A business’s legal classification is extremely important. There are different business structures available and each structure has both negative and positive attributes depending on your organization’s specific needs. But choosing which is best for you can be confusing.
If you are involved in the process of business formation in Boston, it is critical to get the assistance of an experienced Boston business lawyer to help you make the right choices for you and your business.
16 Jade Street v. R. Design Construction Co., LLC. is a recent business law case that discusses the imposition of personal liability on business members. This case involved the construction of a four unit condominium project. A homebuilder named Carl Aten (Aten) owned R. Design Construction Co. LLC and acted as the general contractor in the project. Unable to fund the project, he sought financial assistance from a colleague’s business called 16 Jade Street. Upon the receipt of the initial funds, Aten designed the project and hired subcontractors from Catterson & Sons Construction.
It was later found that Catterson & Sons Construction had negligently developed the portion of the project. Aten was responsible for the supervision and maintenance of the project, but he and the subcontractors left the job without completing it or fixing the flaws. Upon hiring a new team of workers, 16 Jade Street had the construction site evaluated by a structural engineer who found over sixty flaws in the work produced by Catterson & Sons under the supervision of Aten.
Thus, left with a flawed and incomplete construction project 16 Jade Street sued Aten, R. Design, Catterson & Sons Construction, and Catterson. 16 Jade Street sued all four parties under theories of negligence and breach of implied warranties. With any construction project, there is an implied warranty that the project will be completed diligently and properly, and 16 Jade Street alleged that the defendants had breached this implied warranty.
The question then became whether a member of a company can be held personally liable for any of their negligent actions where they are acting to further the business interests.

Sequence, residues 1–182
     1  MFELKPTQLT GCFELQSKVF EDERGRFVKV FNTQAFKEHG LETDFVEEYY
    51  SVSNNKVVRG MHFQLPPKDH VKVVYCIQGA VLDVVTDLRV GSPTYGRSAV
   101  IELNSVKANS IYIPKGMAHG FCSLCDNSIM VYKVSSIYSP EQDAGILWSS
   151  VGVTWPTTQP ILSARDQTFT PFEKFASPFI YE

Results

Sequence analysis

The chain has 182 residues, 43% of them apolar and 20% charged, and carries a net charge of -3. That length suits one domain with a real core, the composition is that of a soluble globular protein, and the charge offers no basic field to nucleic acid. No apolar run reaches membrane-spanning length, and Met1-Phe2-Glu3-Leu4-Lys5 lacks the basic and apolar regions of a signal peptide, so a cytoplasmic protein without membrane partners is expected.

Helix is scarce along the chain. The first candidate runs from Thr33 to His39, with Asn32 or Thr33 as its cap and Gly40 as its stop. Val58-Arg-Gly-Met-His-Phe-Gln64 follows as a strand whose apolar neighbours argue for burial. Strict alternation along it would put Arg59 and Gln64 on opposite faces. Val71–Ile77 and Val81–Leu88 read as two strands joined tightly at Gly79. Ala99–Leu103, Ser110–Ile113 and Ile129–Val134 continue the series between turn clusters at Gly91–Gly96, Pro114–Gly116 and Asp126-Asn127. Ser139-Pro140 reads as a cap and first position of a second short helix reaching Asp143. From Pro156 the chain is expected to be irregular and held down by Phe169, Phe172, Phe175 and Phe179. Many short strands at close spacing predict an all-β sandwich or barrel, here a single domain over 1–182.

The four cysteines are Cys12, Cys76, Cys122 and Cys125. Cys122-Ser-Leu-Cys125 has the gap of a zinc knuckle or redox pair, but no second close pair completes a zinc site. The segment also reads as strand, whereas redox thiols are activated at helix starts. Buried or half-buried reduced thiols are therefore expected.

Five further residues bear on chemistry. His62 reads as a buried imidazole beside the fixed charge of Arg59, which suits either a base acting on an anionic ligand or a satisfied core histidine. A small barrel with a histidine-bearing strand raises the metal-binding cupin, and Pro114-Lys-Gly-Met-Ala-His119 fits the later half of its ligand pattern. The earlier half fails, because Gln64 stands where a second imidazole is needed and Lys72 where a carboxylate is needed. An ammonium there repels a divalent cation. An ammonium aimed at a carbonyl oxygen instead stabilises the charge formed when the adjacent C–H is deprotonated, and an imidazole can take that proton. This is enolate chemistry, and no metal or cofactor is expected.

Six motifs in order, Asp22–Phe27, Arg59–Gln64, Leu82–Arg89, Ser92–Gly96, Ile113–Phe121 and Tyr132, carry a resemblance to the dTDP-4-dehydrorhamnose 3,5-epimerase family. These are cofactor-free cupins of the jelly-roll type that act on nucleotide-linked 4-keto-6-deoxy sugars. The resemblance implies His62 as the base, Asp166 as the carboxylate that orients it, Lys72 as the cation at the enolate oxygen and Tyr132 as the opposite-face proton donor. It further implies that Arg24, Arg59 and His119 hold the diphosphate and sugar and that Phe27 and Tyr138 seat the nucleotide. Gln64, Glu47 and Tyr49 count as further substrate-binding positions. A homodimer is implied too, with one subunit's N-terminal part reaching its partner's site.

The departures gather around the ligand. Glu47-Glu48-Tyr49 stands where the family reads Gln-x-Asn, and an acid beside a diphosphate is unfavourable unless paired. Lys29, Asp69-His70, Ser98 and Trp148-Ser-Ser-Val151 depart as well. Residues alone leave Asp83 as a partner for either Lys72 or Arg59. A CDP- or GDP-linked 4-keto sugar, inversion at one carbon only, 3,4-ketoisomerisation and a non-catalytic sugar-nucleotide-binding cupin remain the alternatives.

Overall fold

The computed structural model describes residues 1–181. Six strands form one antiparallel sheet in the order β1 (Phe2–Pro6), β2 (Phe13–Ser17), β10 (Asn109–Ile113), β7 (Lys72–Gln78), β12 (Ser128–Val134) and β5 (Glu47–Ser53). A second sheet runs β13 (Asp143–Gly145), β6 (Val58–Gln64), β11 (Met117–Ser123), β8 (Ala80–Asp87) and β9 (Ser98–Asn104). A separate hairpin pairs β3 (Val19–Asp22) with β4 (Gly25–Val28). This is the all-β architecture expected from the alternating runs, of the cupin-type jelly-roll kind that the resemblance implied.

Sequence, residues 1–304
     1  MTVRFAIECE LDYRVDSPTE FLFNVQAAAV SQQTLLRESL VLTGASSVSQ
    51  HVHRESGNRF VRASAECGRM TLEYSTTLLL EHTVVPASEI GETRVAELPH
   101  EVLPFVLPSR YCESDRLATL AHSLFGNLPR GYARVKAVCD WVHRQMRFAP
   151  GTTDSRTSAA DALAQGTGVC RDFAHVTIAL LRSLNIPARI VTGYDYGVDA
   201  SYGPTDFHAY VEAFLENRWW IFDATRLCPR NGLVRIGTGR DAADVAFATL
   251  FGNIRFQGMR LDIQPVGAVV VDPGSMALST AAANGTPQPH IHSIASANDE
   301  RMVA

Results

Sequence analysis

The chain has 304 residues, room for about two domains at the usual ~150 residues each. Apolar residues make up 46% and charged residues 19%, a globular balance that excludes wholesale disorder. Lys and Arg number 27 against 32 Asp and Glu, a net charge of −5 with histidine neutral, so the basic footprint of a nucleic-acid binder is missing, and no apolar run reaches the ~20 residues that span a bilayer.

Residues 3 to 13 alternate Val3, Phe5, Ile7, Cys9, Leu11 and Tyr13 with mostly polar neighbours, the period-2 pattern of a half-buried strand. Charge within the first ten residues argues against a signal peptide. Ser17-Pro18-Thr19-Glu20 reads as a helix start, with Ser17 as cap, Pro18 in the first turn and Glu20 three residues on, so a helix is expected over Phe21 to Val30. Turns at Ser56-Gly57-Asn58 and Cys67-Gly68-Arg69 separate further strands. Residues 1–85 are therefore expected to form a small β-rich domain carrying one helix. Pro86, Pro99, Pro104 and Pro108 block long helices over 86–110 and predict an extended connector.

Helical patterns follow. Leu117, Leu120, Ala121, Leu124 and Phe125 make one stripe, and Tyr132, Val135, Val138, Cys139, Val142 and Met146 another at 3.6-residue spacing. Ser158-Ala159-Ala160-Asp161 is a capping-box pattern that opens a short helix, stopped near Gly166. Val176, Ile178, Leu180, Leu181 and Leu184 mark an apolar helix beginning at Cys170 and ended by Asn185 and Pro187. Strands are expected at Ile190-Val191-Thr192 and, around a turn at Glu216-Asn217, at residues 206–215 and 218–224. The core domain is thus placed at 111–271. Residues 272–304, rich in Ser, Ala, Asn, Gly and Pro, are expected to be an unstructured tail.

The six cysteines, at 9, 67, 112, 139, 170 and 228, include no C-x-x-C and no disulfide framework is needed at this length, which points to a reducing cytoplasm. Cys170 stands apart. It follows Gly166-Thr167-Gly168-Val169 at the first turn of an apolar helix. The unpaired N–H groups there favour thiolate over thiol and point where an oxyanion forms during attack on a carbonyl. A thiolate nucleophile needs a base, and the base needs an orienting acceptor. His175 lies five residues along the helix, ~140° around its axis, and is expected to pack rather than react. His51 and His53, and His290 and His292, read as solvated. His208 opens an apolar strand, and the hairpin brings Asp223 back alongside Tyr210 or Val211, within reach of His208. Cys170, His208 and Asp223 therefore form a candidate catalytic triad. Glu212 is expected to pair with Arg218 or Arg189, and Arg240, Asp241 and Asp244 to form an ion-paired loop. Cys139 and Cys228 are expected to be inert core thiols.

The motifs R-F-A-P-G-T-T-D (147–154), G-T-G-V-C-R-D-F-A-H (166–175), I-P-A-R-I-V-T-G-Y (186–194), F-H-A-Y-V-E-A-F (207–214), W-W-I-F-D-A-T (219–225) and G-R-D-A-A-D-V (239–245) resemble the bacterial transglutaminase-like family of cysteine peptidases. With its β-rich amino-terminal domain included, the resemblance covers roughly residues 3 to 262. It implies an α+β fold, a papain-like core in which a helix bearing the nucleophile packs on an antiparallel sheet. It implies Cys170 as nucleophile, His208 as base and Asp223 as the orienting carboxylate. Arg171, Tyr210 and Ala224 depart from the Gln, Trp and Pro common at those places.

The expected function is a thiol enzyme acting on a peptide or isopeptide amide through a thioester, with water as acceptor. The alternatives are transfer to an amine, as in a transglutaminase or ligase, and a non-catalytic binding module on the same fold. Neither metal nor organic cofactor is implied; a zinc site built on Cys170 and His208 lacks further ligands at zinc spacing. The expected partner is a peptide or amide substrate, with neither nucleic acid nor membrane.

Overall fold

First the court analyzed the type of businesses that were involved in the case, limited liability companies. This type of company is a hybrid between corporate structure and partnership structure. As to the fact of liability, a limited liability company generally protects company members from personal liability that arose from the member’s job related activities. State law dictates that a company member cannot be held liable unless that member breaches a fiduciary duty, such as by commingling personal funds with business funds. In this case the court found that neither Aten nor Catterson commingled personal and business funds or breached their fiduciary duties in any other way.
South Carolina law indicates that members and managers of an LLC are generally protected from personal liability when their actions are motivated by the furtherance of the business. Because of the dictates of the statute, Catterson was shielded from personal liability for any negligence.
The court did make a distinction as to Aten. Because Aten has a home builder’s license, civil liability attached to his licensure. Where a licensed homebuilder is negligent, the limited liability aspect of the LLC of which he is a member may shield him from personal liability; however, he can be found to have violated his civil obligations as a license holder.
The court found for 16 Jade Street in the negligence action against Aten based on this license theory, and awarded damages.
This case illustrates the importance of your business structure in the area of liability.
The Brown Law Firm, LLC is a Boston business law firm with offices in Belmont and Boston. For a free and confidential consultation, call Attorney Graeme Brown at 617-489-0817 or contact us through this website.
16 Jade Street v. R. Design Construction Co., LLC., No. 27107 (S. Car S.Ct. Apr. 4, 2012).